John Dabeet

On May 15, Palestinians around the world commemorate the Great Catastrophe and yearn for justice, as their fight for justice will continue.

Today I decided to share my story since I am a firm believer that stories can make a difference and can leave us with an impression that can last forever.

Colonizing the Occupied Palestinian Territory with impunity and brutal military occupation will never be the answer to the conflict nor will it ever bring true peace.

My story with the Israeli occupation started way before I was born. My dad was forced by the Israelis to leave his hometown, Jaffa, in 1948, leaving his family house behind while my mom was 13 years old and was separated from her family due to the 1948 war.

Mom ended up in Jordan with friends and dad ended up in Ramallah. Never allowed by the Israelis to go back to check on their home or, in my mom's case, her family.

At this point, I would like each one of you to close your eyes and imagine someone comes to your house, forces you out and tells you don’t come back to your own house. What would you do?

In 1967, I was three years old when the Israeli military took what is left of Palestine (West Bank, Gaza Strip and Jerusalem). I was sad but happy that, finally, my dad could go back and check his family house and my mom could join her family that she had not seen for 19 years.

My dad decided to take all of us (mom and six kids, including myself) to Jaffa and Ramla, to visit his house and to meet for the first time my mom’s family.

We arrived in Jaffa, as we were approaching our dad’s family house; we knew someone was living in our house. My dad spoke five languages fluently, including Hebrew. We proceeded to knock on the door even though we had the key to the house, and an old Jewish lady who emigrated from Poland in 1948 and settled in our house opened the door. At that point, my dad introduced himself, shared his story with her and asked her to allow us to enter inside the house so he could show all of us where he was born and where he grew up.

The lady said 'no.' I didn’t understand the language at three years old but I understood the sadness on my dad's face knowing he couldn't get us to see his house. We went back to Ramla to meet my mom's side; we were happy to meet mom’s family after 19 years of separation due to the Israeli occupation of Palestine.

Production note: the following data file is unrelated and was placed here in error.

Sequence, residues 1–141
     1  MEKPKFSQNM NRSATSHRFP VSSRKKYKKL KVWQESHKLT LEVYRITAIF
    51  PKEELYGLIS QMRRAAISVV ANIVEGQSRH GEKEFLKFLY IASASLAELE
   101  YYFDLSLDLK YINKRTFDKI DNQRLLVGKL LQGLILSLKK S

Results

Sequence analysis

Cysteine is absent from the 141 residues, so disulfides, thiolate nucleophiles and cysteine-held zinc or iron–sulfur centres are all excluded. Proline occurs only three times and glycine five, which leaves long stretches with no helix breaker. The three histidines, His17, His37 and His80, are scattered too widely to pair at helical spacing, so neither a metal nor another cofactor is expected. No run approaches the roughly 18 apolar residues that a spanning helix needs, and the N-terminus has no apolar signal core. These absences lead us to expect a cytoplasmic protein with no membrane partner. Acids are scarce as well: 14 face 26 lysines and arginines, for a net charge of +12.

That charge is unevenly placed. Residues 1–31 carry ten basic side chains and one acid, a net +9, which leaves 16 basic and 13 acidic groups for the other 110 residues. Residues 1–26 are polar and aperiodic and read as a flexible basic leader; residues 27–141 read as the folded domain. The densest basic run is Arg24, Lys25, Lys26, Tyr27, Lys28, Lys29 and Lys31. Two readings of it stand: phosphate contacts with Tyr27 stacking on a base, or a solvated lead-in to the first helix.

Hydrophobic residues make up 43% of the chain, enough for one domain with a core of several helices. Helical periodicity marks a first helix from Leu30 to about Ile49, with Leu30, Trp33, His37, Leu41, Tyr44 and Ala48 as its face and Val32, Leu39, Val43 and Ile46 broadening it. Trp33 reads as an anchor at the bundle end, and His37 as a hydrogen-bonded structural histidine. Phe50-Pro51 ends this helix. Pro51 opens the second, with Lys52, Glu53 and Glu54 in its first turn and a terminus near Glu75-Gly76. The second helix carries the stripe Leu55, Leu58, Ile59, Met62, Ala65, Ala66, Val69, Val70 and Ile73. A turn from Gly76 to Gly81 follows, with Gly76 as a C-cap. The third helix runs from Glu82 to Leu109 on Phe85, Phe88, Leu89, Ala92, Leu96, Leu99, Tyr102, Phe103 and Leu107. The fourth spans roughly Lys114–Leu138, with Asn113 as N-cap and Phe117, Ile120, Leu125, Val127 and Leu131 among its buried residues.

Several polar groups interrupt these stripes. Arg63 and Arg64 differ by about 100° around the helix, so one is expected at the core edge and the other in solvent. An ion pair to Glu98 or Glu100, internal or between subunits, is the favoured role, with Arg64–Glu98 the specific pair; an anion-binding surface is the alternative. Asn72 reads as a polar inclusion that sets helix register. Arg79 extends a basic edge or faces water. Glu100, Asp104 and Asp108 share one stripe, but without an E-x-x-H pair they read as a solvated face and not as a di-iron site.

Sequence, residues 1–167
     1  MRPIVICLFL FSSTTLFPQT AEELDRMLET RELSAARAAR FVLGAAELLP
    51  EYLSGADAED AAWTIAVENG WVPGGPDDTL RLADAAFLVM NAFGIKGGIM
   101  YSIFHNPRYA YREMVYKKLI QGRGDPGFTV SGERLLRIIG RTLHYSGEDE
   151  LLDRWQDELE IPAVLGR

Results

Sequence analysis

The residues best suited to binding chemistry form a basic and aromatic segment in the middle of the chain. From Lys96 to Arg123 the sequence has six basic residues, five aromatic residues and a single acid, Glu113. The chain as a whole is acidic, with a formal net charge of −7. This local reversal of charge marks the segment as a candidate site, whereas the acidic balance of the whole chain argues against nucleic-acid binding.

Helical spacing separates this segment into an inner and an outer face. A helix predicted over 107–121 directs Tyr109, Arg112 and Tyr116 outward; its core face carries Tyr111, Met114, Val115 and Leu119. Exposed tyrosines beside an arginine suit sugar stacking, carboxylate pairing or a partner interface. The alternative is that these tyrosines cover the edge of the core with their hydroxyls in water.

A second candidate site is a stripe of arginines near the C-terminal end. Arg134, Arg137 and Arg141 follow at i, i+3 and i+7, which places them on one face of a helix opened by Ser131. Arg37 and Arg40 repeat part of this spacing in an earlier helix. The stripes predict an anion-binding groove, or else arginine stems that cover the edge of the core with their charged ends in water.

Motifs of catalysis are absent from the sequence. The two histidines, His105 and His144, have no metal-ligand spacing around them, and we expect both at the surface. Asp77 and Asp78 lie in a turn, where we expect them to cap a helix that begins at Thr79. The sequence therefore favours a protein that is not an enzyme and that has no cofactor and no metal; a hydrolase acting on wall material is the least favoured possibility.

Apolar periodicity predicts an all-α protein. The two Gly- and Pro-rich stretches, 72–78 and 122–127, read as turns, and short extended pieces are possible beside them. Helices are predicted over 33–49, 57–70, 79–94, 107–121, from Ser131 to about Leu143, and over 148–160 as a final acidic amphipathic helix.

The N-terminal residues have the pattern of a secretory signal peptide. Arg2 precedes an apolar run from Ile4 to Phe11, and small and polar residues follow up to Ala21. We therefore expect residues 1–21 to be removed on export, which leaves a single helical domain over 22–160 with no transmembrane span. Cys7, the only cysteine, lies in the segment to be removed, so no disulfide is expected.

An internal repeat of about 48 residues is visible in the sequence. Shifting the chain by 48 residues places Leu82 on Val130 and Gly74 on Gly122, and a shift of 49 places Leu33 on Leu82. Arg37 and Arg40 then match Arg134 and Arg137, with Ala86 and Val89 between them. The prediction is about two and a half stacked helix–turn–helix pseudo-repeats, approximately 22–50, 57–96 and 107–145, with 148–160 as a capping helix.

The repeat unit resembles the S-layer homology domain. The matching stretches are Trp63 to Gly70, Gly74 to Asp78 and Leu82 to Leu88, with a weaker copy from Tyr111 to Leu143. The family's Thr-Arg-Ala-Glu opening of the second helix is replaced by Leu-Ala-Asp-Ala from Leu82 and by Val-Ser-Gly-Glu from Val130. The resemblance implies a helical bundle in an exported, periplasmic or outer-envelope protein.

I have carried the sad images of my dad's face day and night since I was three years old and decided to become more involved hoping I could make a difference.

I grew up in Ramallah, Palestine, and became a student leader at age 14, was harassed by the Israeli military occupation many times because of that. I went on to continue my bachelor's degree at Bethlehem University in Bethlehem, Palestine, and continued my journey as one of the leaders for the student movement in Palestine. I was arrested and tortured at the hands of the Israeli military forces several times just because I am a Palestinian and decided to stand up for my beliefs, and for the right of my people to live free and in peace like any other nation.

Meanwhile, I decided not to quit until we achieve peace and justice for Palestine.

In 1988, I left Palestine for the United States to work on my higher education. Thirty years later, I still travel the world and the United States to talk about the colonization of Occupied Palestine with impunity at the hands of the Israeli military forces and the brutal military occupation.

In 1993, the Israeli government revoked my identity card and I was informed by their embassy in the United States that I am not allowed to go back to my native country, Palestine.

I decided to fight their discriminatory decision in court and won in 2010. How would you feel knowing, as I did, that I was not been allowed to visit Jerusalem, except for five hours, over the past 30 years even though I was born in Jerusalem?

I went back in 1998 with mom and was arrested and held by the Israelis for two-and-a-half weeks even though I am a U.S. citizen.

I ask you today to stand for peace, justice and rights of determination for Palestinians.

I decided to share my story with you to say Palestinians refuse to live under occupation any longer. We stand against the apartheid wall that they are building because walls creates hate, and we stand against the confiscation of Palestinian land to build more illegal Israeli settlements because settlements will not lead to peace. Palestine and Jerusalem are not for sale, Mr. President.

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John Dabeet is president of the Americans & Palestinians for Peace and chair of the business department at Muscatine Community College.